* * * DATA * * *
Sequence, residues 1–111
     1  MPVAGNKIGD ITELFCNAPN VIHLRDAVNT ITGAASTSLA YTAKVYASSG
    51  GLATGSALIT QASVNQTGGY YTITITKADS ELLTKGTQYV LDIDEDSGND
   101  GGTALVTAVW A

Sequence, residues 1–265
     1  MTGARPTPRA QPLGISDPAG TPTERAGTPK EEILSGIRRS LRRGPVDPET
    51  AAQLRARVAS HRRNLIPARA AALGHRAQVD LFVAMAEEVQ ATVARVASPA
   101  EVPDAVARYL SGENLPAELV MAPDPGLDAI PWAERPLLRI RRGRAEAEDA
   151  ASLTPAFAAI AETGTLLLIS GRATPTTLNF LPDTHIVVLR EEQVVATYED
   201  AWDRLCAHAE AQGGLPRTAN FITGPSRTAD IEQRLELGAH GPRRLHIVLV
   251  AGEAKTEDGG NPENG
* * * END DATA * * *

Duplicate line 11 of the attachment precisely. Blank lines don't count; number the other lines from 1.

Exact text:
   251  AGEAKTEDGG NPENG